- Whether or not global warming is occurring and whether or not the blame can be laid at the feet of humanity is a science vs. science argument. You might think one side is doing science badly, but the scientific method is the framework for both.
- One can believe that God is necessary explanation for the origin and/or complexity life while making a science-based case that challenges the net-darwinian paradigm. Considering the robust connection between religion and the modern scientific enterprise, this really should not be a problem. (1)
- Those on both sides of the GMO debate rely on the scientific method to make their case.
- Those on both sides of the vaccine debate muster claims using the scientific method, no matte how quickly certain claims will crumble under scrutiny.
- The abortion debate certainly involves religion, but it clearly involves scientific/biological/philosophical claims on both sides about the nature of the unborn.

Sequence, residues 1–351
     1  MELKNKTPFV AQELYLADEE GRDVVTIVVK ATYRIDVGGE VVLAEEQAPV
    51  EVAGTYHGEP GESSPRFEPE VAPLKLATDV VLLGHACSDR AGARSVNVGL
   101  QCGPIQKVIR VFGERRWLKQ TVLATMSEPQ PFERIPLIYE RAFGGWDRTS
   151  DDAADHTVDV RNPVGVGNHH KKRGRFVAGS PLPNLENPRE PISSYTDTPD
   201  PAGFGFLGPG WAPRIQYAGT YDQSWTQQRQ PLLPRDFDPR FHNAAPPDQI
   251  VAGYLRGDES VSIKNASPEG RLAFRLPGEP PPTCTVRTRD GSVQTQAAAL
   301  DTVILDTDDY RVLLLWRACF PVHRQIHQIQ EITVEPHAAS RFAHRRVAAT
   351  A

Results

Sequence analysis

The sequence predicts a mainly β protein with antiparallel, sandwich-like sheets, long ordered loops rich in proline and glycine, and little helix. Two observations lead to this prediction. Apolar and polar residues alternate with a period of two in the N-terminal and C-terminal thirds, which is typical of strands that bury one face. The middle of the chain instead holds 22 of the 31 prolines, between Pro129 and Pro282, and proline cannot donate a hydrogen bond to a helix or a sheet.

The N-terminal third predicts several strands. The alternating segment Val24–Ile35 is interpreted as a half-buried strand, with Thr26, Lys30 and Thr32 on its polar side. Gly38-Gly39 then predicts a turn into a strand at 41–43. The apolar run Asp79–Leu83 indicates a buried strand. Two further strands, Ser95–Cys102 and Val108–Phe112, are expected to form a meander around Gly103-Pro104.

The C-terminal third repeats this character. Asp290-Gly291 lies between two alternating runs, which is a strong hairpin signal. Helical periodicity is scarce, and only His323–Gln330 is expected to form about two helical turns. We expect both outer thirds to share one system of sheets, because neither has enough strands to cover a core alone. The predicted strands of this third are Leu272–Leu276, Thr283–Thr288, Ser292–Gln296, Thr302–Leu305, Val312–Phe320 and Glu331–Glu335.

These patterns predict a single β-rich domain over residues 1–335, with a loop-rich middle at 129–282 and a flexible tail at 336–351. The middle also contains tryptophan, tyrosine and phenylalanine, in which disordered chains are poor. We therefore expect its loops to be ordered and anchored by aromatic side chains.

My point here is limited: "science denier" is almost always an inaccurate term, and I see it everywhere. It annoys me. It's a conversation stopper meant to poison the well in any discussion. In a world where real news is called fake news and words seem to increasingly lose their meaning, even small victories count.
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(1) I think there is an argument to made that all statements about origins are unavoidably theological statements in that they will make a claim about the necessity or possibility of God in the process. Some start with or without God and then make claims about science; some start with science and then make claims about the existence and/or nature of God - or lack of it. Either way, the two topics become tightly intertwined. Let's not kid ourselves: both sides are trying to tell a story of everything that enables us to hold a belief (or non-belief) about God that meshes with what the scientific method reveals.